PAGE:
The rotor thus constructed is enclosed in a magnetic casing 42 fixed to the vehicle frame or chassis by any appropriate means (not shown) such as collars, flanges, lugs and so forth. In order to insure accurate centering of the casing 42, ball bearings 45 are interposed between the said casing'and the shaft 40.
In the interior of the casing 42 there are provided a certain number of pole-pieces, eight in the example shown, denoted by 48 and 41 according as to whether their polarity is north or south, respectively. The said pole-pieces are distributed face to face on either side of the rotor, and their active faces are parallel to the median plane of the said rotor. Finally, provision is made such that the polarities of two pole-pieces facing each other are unlike, so that the lines of force passing from one to the other pass through the rotor.
The excitation of the pole-pieces 46 or 41 is insured by field windings such as 48 distributed in two groups, one of. which ends at two insulated terminals 6i and 62 and the other at an insulated terminal 83 and an earthing terminal 54.
The terminal ii is permanently connected to one of the poles of a source of electricity, the other pole of which is connected to earth. Finally, the terminals ll, 62 and 63 are connected in the manner shown to a switch 49 which, according to the position of its movable member, connects the two groups of field windings, either in series (right-hand position) or in parallel (left-hand position).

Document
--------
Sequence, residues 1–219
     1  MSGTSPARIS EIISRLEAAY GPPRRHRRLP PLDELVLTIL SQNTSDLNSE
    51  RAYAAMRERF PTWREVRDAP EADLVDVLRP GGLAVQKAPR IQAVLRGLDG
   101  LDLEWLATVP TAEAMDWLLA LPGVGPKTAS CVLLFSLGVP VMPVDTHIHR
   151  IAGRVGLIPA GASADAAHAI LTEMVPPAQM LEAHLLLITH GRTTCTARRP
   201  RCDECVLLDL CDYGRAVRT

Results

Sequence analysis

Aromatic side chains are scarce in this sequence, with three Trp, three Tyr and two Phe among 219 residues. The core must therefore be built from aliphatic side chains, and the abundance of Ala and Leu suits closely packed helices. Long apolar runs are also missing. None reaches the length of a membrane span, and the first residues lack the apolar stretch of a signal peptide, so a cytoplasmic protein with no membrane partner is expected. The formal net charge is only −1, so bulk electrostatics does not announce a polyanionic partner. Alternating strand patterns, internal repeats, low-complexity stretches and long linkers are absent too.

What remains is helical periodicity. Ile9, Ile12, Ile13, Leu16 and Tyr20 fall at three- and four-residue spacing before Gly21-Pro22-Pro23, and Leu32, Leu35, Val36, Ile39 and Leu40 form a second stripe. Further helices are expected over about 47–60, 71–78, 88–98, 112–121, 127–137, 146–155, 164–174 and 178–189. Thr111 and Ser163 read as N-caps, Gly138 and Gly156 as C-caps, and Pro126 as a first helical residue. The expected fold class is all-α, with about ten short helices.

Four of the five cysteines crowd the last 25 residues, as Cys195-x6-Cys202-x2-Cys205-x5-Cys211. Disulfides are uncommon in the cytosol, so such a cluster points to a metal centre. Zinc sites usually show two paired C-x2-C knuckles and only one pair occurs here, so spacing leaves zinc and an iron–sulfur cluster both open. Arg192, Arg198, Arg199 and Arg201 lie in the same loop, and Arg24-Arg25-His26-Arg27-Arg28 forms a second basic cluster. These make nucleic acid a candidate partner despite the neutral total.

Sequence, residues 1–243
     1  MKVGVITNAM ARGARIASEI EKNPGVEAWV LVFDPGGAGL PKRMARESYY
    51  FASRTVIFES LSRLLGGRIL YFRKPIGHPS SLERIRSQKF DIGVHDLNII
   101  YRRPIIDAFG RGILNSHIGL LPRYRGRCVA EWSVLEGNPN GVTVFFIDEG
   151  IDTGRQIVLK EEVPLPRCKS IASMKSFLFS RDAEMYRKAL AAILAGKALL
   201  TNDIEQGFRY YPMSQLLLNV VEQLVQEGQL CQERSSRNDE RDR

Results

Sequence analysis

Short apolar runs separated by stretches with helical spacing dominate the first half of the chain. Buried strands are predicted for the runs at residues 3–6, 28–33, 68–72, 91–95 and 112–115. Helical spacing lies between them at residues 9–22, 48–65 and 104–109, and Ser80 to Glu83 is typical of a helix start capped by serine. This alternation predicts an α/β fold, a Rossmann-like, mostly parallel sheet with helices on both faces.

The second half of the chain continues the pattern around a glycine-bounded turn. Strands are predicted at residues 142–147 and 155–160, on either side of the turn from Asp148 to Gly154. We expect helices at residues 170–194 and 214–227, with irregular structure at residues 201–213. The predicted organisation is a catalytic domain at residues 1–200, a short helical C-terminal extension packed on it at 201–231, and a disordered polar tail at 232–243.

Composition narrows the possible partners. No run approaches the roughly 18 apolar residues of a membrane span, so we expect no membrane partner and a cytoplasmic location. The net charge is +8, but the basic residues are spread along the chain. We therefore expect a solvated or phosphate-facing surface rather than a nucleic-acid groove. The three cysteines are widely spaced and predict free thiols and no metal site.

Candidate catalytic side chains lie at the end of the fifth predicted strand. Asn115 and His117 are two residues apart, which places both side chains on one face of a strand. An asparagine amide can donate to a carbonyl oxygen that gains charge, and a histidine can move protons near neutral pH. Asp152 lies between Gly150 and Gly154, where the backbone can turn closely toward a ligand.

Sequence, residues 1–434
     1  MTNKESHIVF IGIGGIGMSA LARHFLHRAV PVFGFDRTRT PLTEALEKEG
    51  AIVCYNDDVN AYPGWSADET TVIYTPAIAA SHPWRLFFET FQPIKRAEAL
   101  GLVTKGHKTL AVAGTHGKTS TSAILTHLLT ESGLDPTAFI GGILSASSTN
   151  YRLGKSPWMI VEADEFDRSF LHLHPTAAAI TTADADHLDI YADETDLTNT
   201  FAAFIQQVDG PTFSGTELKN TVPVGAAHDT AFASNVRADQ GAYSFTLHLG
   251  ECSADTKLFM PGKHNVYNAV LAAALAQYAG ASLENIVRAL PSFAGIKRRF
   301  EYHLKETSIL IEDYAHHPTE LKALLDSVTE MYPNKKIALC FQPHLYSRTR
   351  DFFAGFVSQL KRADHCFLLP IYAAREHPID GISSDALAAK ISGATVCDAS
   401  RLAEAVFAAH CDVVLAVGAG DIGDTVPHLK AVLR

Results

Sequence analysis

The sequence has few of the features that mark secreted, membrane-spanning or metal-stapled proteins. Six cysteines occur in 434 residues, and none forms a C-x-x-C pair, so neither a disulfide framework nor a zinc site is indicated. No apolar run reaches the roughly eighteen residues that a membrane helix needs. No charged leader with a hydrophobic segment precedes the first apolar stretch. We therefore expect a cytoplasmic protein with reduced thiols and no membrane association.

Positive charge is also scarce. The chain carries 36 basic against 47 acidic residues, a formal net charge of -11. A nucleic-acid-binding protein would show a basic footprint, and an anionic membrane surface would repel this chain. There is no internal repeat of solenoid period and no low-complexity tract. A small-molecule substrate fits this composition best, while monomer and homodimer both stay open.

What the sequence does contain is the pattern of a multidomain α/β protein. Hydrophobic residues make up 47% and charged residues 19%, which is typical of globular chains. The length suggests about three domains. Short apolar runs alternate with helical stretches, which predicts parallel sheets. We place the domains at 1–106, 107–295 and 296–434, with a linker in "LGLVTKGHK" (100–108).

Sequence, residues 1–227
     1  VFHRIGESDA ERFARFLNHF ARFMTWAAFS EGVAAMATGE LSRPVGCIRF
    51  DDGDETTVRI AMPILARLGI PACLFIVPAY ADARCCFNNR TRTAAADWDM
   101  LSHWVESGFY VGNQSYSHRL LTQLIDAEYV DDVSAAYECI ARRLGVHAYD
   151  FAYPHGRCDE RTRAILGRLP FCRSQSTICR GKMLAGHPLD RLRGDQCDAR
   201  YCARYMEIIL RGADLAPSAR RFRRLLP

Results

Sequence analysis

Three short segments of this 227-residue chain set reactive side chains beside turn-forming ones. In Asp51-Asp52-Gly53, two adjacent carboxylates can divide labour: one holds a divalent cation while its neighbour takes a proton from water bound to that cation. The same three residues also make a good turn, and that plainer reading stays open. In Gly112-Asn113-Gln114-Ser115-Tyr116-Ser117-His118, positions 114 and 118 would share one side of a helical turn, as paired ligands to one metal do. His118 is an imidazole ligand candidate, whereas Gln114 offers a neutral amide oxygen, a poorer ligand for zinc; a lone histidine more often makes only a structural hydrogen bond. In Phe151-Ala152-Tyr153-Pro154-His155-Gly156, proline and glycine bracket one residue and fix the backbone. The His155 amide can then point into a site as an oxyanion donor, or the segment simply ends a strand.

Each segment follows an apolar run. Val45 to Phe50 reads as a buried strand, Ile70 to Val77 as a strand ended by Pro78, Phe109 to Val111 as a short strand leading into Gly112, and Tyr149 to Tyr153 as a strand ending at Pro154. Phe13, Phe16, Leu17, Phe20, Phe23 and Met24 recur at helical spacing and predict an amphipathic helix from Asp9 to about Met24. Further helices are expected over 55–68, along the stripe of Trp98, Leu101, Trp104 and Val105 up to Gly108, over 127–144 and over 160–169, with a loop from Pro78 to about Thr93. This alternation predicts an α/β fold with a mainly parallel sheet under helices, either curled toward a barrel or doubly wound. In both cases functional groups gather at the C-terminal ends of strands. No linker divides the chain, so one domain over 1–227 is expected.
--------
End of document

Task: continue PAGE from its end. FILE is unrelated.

The casing 42 comprises in the vicinity of the 50 shaft 40, air inlets and orifices 50 protected by flanges 60, and on its periphery in the plane-of the rotor other orifices I. It will be noted that the openings 50 are located adjacent the bearlugs 46. This produces a cooling effect on the heated as to create considerable damage.
bearings which is very helpful. It is desirable that the bearings should be located as close to the brake disc as possible, so as to insure proper centering of the disc relative to the magnets and to preventbending of the shaft. On the other hand, since the disc becomes very hot, it has heretofore been impossible to locate the bearings as close to the disc as desirable since they were so By 10- cating the openings adjacent the bearings, the air is drawn past the bearings to cool the same, and the annular walls 60 emphasize this since they practically force the air to flow very close to the bearings.
Assuming that the current feeding the windings 48 is zero, the induction in the pole-pieces 46 and 41 is negligible, as is also the field passing through the rotor. If, therefore, the shaft 40 is caused to rotate, the only work which it produces consists in aspirating air, in the manner of a fan rotor, through the orifices 50 and in expelling the said air through the orifices The power consumed is negligible and the noload efliciency of the device is excellent, but as soon as an electric current flows through the windings 48, the numerous electric circuits formed by the successive blades 43, connected together by the hub 4| and the rim 44 cut normally and at a high speed the magnetic lines of force connecting the various pole-pieces facing each other. The said circuits then become the seat of intense electric currents which, by Joule effect, heat the rotor and, particularly the blades 43 considerably, but by reason of the active circulation of air between the said blades, the heat is rapidly expelled to the exterior with the hot air escaping through the orifices 5|, such'that the temperature of the rotor soon reaches a constant value.